The Bickerstaffe Record

Cotterill on the Council, Leisure and culture

A bit of self-defence

02.19.10 | Comment?

I was asked by a local journalist whether I wanted to defend myself  from a really quite personal attack on my character by the Chairman of West Lancashire Community Leisure Trust, in the light of the story about theft from Burscough Leisure Centre, which the press had decided to cover in January (I don’t think I even did a press release – it was just picked up off from this blogpost).

That was a very nice offer from the journo.  I’ve got fairly thick skin, but even to me the attack (which I reprint in its entirety below) seemed to be going a bit far, and as I set out in my response, it was not really appropriate for the Chair of a supposedly independent Trust to be making.

As it happens, the local journo decided to use just a few words of my full reply, and I think the Chairman came out smelling a bit more of roses than was really appropiate.

Heh ho, that kind of thing happens.  But as I wrote something quite a lot fuller, including a polite enough commentary on the damage I thought the Chairman might be doing to his own cause, I thought I might as well set it out here for anyone interested.

My reply to the letter from the Chairman, to whom on this occasion I don’t afford the usual anonymity, as he did not seek it in his letter:

I have to say I was a little surprised at Mr Bullock’s intemperate and baseless attack, and do feel I need to make a few points in response.

First, I think Advertiser readers might be a little confused at when the incident or incidents reported on actually took place.  Mr Bullock now appears to be suggesting that the matter at hand is some fifteen months old.  This seems to at odds with the report in the Advertiser of 20 January in which it is stated that ‘Officers have confirmed to the Advertiser money disappeared during a number of thefts which were reported to the police in February 2008.’  This lack of clarity does suggest there are still some unanswered questions about governance issues, and that the Advertiser was jutified in publishing the story in the public interest.

Mr Bullock appears keen to suggest that I have attacked Serco’s staff and the Leisure Trust’s trustees over this affair.  This is simply not the case.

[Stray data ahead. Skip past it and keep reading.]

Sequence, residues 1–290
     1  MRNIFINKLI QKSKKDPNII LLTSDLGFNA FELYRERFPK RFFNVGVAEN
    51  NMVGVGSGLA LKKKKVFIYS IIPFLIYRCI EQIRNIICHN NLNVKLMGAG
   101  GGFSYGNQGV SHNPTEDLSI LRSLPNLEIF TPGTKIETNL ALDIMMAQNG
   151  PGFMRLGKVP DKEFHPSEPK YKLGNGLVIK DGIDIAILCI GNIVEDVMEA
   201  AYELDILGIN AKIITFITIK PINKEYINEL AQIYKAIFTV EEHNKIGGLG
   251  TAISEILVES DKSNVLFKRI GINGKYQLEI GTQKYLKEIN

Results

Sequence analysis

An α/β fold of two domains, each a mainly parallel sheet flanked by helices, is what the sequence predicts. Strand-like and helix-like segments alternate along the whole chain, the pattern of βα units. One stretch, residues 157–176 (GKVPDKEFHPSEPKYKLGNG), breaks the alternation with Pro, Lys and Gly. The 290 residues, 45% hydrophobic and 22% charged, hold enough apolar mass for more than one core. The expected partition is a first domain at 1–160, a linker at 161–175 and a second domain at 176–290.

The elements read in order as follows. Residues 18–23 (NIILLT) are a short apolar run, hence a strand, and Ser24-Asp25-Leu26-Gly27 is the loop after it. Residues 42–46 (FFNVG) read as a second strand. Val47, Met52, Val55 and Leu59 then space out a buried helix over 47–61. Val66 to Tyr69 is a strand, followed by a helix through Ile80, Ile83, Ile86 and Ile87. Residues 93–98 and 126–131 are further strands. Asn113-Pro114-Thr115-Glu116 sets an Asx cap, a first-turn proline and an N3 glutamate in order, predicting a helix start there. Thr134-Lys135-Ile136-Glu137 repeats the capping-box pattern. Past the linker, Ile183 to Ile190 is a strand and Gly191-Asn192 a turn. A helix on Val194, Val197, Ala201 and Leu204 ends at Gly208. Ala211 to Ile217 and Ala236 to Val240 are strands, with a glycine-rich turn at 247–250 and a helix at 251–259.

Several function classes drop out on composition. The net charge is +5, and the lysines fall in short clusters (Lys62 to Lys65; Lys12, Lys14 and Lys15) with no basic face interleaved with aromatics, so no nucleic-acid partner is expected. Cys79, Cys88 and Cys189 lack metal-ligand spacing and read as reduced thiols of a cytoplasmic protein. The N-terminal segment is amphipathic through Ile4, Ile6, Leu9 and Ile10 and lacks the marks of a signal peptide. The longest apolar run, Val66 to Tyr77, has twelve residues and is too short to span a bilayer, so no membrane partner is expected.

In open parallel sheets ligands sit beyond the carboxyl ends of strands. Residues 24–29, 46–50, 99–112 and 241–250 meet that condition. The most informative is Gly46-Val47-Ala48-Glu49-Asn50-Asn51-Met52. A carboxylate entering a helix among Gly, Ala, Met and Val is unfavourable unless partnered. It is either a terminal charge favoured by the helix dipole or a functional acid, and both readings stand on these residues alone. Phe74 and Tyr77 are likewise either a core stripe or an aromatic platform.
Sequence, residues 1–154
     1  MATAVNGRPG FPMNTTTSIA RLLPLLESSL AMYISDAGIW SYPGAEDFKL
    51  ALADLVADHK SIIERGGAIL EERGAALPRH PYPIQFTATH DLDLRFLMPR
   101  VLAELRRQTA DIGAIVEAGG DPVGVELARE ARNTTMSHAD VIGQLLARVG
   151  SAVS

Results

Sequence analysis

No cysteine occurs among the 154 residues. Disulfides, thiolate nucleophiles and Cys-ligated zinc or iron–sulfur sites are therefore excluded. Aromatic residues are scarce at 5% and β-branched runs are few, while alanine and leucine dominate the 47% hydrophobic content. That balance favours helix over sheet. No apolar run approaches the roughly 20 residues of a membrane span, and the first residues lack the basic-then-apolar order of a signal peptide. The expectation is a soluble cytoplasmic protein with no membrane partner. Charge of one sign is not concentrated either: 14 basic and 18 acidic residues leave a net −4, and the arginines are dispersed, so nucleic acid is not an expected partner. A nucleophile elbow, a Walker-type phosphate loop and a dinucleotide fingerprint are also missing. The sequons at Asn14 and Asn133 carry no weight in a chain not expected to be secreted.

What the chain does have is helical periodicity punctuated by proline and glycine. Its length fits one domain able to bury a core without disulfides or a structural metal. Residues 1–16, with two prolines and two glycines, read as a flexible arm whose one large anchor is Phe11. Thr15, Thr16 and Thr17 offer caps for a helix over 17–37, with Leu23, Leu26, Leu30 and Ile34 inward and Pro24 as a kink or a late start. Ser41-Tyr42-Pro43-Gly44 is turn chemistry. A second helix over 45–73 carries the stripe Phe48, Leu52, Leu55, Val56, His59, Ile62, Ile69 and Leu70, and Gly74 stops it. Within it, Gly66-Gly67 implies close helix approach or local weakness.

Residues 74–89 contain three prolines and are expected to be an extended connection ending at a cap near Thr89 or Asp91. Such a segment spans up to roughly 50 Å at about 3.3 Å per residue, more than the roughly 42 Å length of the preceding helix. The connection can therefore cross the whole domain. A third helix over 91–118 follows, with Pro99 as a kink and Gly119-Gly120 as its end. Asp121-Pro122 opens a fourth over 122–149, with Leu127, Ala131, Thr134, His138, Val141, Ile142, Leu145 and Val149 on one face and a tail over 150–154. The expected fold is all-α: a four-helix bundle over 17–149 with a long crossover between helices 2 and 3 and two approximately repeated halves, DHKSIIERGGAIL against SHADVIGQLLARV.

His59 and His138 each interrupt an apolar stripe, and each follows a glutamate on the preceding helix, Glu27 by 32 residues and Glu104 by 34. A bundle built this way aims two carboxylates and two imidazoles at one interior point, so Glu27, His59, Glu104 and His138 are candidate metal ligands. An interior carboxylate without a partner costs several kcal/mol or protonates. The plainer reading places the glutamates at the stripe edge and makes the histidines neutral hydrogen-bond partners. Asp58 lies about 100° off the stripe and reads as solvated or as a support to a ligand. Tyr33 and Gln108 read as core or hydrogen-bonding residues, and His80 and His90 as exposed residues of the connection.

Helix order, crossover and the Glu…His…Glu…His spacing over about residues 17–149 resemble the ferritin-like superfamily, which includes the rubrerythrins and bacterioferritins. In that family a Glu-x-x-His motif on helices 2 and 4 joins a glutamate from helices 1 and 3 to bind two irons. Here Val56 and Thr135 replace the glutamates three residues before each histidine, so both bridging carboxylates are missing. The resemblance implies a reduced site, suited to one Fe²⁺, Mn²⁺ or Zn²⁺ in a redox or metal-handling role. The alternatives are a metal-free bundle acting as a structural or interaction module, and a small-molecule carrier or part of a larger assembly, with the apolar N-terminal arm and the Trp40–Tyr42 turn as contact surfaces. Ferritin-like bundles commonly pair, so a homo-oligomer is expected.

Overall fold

My original post stated quite clearly that:

‘I feel sorry for the local Serco staff, many of whom are ex-council staff,  and for the trustees of West Lancashire Leisure Trust who are now having to ask and answer some pretty tough questions.’

I also suggested that the theft matter, in itself, should not be overplayed:

Now, we shouldn’t get carried away.  If it is confirmed as theft, then theft is theft; it happens, and it may not be Serco’s fault that it’s had a thief on the premises, either as an employee as a visitor.’

 This is actually very close in tone to Mr Bullock’s suggestion that ‘one bad apple’ should not damage the reputation of the staff as a whole, whom I know to be a dedicated group of people.

Accusing me, without any basis in fact, of disregarding the feelings of staff and trustees appears to be a convenient tactic for deflecting attention from the real governance issues at hand.  In this, it is redolent of the Conservative administration’s now usual approach when its management of the council is found wanting.  The most recent example of this was when the council’s performance rating was downgraded by the Audit Commission; rather  than address the serious management issues at hand, the leader of the council chose instead to attack me on the basis that I had disrespected council staff, despite there being absolutely no evidence of this.

The fact that the Chairman of the Leisure Trust chooses to use the same tactics is of concern.  Of even greater concern, though, is that he appears to be aligning himself fully to the Conservative administration dubious electoral strategy by suggesting that ‘section of the voting public’ might be ‘alienated’ by my actions.

The reason such closeness to the Conservative council is of concern is quite simple.   A key reason for the establishment of the Leisure Trust some five years ago was that it should gain charitable status, and thereby bring significant financial advantages to the provision of leisure services in the borough.